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Do Not Recreate The Past, Change The Future

Mark Mara #MU2151 Do Not Recreate the Past, Change the Future. Schooling is not easy for everyone. Some people get treated differently for who they are, what they look like, or who they are attracted to. The success of these students can come from anything, whether it be money, a computer, or a helpful push from a teacher. What is really needed is a safe environment where students can all learn in peace without fear of being who they truly are. It is up to the teachers to create such an environment and to give those helpful pushes towards greatness. I have always had a pretty easy time in school. I would get good grades on tests without ever really having to study or even try. I could understand lessons and key points with no problem at all. The few times that I did not fully understand a lesson on the first day I would just ask the teacher to clarify certain points that I was confused on and that would be enough for me to understand it. The one obstacle I had was that I did not do homework. I would get told every day to do homework by teachers and think nothing of it. When my parents told me to do homework I felt that I just should not do it, I guess I was a pretty rebellious kid when it came to that. In high school I learned to do homework before each class instead of at home. It was not difficult because it came easy to me. I started actually doing homework in high school because my parents were able to check my grades and see if I was missing any assignments. I did not want to get punished and I absolutely hated, and still hate, to be yelled at and lectured.

Do Not Recreate The Past, Change The Future

I never was really discriminated against or at least I did not recognize I was and I never really saw anyone being treated differently. This could be because of the fact that I grew up in a mostly white middle class to upper-middle class neighborhood. Every student is capable of achieving something great in my opinion and Kohl expresses it when he said, We must refuse to perceive anyone, including ourselves, as failures, (Kohl p.75-76). I do not think I have ever witnessed a teacher give up on a student because she/he thought they were incapable of learning. If anything, I have seen teachers pay more attention to those students and try different styles of teaching to get through to the student. I know that a lot of my friends dropped down to slower paced classes, not because they not could learn the material, but because they did not want to try. We were able to start choosing what classes we took in middle school. I kind of feel like this doomed some students because in middle school students want to do the least amount of work as possible. Some of the teachers that affected me the most I met in high school. The one teacher that actually made me want to go into the teaching profession I had in middle school. He was my seventh grade math teacher. The way I felt he taught by was by fear. There were rumors before I even had his class that he would just explode with anger and break things in front of the whole class. This made me not want to act up or even talk when we had nothing to do. This worked very well with me because he made math a lot easier and a lot more likeable for me. He would walk around the classroom with a baseball bat (he was a baseball coach for the school) and that scared a lot of people; I know it terrified me. He did this to get respect from us as students. He did not punish someone unless he had no other choice and he would take any opportunity to tell someone that they did a good job. He would have students work with other students if there was any confusion over what we were learning. Maybe he did this to eliminate any intimidation that a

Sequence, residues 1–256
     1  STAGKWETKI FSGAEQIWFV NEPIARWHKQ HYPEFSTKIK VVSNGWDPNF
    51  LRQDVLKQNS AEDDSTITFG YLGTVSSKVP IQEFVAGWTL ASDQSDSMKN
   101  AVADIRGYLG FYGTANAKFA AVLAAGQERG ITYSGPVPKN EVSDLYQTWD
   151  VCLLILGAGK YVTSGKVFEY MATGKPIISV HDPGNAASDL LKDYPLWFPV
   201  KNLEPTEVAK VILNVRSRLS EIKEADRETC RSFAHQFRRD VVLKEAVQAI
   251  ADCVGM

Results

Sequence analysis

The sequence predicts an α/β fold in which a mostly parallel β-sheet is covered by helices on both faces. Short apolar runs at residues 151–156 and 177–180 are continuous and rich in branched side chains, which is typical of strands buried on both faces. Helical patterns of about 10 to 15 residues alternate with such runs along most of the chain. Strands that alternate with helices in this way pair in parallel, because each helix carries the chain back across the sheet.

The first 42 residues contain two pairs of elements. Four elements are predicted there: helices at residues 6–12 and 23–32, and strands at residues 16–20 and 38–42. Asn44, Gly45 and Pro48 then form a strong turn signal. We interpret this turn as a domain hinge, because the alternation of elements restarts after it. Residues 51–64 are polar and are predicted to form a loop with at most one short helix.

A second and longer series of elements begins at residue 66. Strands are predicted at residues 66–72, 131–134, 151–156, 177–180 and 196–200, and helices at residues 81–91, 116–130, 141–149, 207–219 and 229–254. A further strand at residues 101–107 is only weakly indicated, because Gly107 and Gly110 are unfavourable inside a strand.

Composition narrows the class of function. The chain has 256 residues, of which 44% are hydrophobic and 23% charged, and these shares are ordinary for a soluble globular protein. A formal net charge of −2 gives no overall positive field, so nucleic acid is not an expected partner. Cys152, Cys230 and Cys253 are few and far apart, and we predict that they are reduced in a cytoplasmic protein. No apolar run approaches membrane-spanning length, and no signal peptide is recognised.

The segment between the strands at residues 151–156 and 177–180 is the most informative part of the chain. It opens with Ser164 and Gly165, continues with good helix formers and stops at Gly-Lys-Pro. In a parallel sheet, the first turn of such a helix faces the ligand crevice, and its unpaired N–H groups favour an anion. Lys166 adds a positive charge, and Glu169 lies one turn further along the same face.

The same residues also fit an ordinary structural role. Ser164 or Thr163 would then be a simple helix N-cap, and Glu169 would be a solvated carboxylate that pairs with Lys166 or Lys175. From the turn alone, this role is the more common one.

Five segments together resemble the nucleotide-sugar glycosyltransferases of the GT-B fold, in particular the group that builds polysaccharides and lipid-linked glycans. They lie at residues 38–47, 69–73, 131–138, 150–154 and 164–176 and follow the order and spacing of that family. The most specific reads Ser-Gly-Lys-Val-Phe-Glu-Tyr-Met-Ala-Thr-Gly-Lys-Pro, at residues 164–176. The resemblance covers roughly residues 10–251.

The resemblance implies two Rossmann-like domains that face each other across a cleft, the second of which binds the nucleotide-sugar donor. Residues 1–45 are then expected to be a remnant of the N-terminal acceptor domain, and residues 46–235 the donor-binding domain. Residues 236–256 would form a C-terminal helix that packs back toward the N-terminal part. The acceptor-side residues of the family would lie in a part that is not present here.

Do Not Recreate The Past, Change The Future

student might get from asking a teacher for help or maybe it was so that the student could talk and explain to their classmate in a way that they would better understand. It really spoke to me when kohl said, That one moment when she revealed that she saw something in me worth honoring and respecting was the highlight of my elementary career, (Kohl p. 82), because he had me basically become the class tutor, and it made me feel great. He saw how much I cared for the subject and how hard I worked to understand the material and he acted on it. Maybe he was hoping that the other students would see what I had accomplished and work to get better, that I will never know. I will always be grateful to this man for helping me choose my path through life. I had a long term substitute teacher my sophomore year that I absolutely adored. This man somehow made learning geometry fun for an entire class. He was actually able to keep us all under control while still being fun which I feel does not happen very often! What worked the best to get us to all learn was that he really got to know all of us and did not judge us from what we told him. He used what he learned from us and about us to make the activities more fun and engaging. Looking back at my school experience thus far I am realizing that I do not remember much about many of my teachers other than my math teachers. This is because I really did not care for any classes other than math classes. They all just kind of blur together. My chemistry teacher that I had my senior year was a lot of fun. He was very outgoing and acted as he wanted without being afraid of how students thought about him. He had a confidence about him that was almost contagious. He always encouraged us to ask if we had any questions at all. He would make times to meet with students having problems before, during, and after school. This showed us that he really did care about us and made us all feel a lot more comfortable in his class. The